The ship pulls me east
over the deep blue.
Wind and water whisper…
unintelligible but crystal clear.
As the shore disappears
the tugboat retreats.
Anchors, ropes, docks;
all restraint is gone.
There is just the wind
playing with the waves.
On a small paper
I write to them:
I admit that it wasn’t my idea but I’ve decided to log my trip to Europe using a ridiculous action figure. Why?
- It helps you keep things fun (and a little silly). It is pretty funny pulling out a doll from Rayman’s Raving Rabbids in front of world-renown monuments. We get a lot of “WTF?!” looks and it just makes us laugh.
- You can let folks know where you went on limited internet access. Good internet isn’t always easy. Right now I’m stealing it from some poor guy with an open network (and being courteous of course — no streaming!). A good way to maximize your internet access and let people know where you went is to take a funny picture w/ said action figure at every major landmark.
- You don’t have time to process all that crap anyway. I’d rather spend my time having fun and seeing stuff than post-processing all my photos and cataloging my journey. With my current project, I can skip all that and still have some of the meaty parts of my day logged. To date, I have about 900 photos. Of those, I’ll probably end up with 100 but the time it takes to get there could be better spent.
- It’s fun to name your buddy. What’s in a name? Everything, if it’s a pirate. Are you kidding me? I agonized over this and finally arrived at Gaptooth Willy for this little guy. Pirate names are fricking hard.
- Because it’s different. Yep.
This is going to be a radical trip. I’ve never been to Europe, this is a 1.5-year belated honeymoon, and I’m a photo nut in photo nut paradise. My photo project is fun, but it’s also very practical. In a lot of ways, necessity gave birth to this little project — not insanity (I swear!). Thanks, Gaptooth Willy!
If you’re morbidly curious, the slideshow (of what I have so far) is below or you can see the set on flickr.
Criticizing tone instead of having rich discussion is a waste of time. In most cases, the time it takes to criticize tone and delivery can be spent arguing the issue at hand.
In a case where someone has the courage to raise their voice and question things publicly:
- Try not to discourage them from speaking up in the future
- Focus on what they said, not how they said it
- Address the issue in your response, always
In Paul Graham’s post about how to disagree, he states:
“So if the worst thing you can say about something is to criticize its tone, you’re not saying much. Is the author flippant, but correct? Better that than grave and wrong. And if the author is incorrect somewhere, say where.”
While it’s not constructive to react and submit knee-jerk comments, it’s just as counter-productive to criticize tone and delivery instead of offering solid reasoning as to why you disagree.
Of course, we can frame things initially in order to not invoke a predictable response to our snarky comments. But outside of insults or out-of-bounds comments (which are usually best ignored), I usually prefer to focus my energy on the problem, not examining words and etiquette.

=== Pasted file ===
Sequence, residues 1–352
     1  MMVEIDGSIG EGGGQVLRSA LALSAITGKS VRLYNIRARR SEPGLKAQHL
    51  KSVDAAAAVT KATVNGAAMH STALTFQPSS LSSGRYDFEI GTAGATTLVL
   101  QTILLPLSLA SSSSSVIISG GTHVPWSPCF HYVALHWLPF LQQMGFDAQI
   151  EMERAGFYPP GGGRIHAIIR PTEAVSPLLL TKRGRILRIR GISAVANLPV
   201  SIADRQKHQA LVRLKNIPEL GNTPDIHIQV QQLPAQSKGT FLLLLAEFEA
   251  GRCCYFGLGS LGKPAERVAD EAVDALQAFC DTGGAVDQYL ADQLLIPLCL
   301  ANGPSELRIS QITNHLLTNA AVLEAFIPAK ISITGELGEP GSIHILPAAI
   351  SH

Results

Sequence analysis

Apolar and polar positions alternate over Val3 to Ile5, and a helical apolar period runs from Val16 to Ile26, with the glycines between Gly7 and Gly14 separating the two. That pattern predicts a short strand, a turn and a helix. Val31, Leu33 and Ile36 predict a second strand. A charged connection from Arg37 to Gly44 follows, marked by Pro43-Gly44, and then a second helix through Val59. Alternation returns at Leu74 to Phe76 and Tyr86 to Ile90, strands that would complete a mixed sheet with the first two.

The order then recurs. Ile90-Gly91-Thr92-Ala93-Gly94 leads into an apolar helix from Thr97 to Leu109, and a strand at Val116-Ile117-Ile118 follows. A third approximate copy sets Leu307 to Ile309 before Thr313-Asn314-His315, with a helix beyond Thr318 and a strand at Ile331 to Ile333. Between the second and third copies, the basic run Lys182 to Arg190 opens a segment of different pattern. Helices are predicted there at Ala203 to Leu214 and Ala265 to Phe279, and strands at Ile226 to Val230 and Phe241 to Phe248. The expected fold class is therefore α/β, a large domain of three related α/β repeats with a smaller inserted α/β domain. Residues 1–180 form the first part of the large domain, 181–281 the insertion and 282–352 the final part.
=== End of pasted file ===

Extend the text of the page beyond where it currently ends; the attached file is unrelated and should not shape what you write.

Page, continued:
Be wary of criticizing tone. It’s not as productive as it might feel and won’t do anything to change the end result.
Courage. Trust. Great teams have these, weak teams don’t.
There is nothing quite so disappointing as a group of talented people who can’t achieve because they lack mutual trust. Likewise, it’s tough to see folks who can’t speak up because they either don’t have the courage or don’t trust their colleagues enough to listen to what they have to say and react constructively.
With dwindling trust or courage, you’re building yourself a culture of silence. This manifests itself in very destructive ways:
- People do not speak up. Even when it is important for the progress of the team and company, people are reluctant to voice their opinions. It takes individuals with tremendous courage to speak up and when they do, they are labeled as dissenters and not supported even though they are saying what everyone wants to say — but won’t dare.
- There is no room for failure. Most successes are preceded by wonderful failures. Not having the trust of leadership or colleagues eliminates failure as an option and stifles innovation. If you can’t fail for fear of retribution, you probably aren’t going to succeed at higher levels.
- Nobody challenges each other. If I think you’ll try to sabotage me or get revenge because I disagree with you, I’m going to be less likely to challenge your points and assumptions. I won’t be vested in your success enough to challenge your core arguments. Healthy discourse goes out the window and those with the loudest voice — or those who speak first — start winning out.
- Your true talent bleeds. People with better options don’t tolerate a culture of silence. They recognize lack of trust and leave fairly quickly for better opportunities. You often won’t hear about why they really left. It’s always the “opportunity I couldn’t pass up.” As you might suspect, there’s usually more to it than that.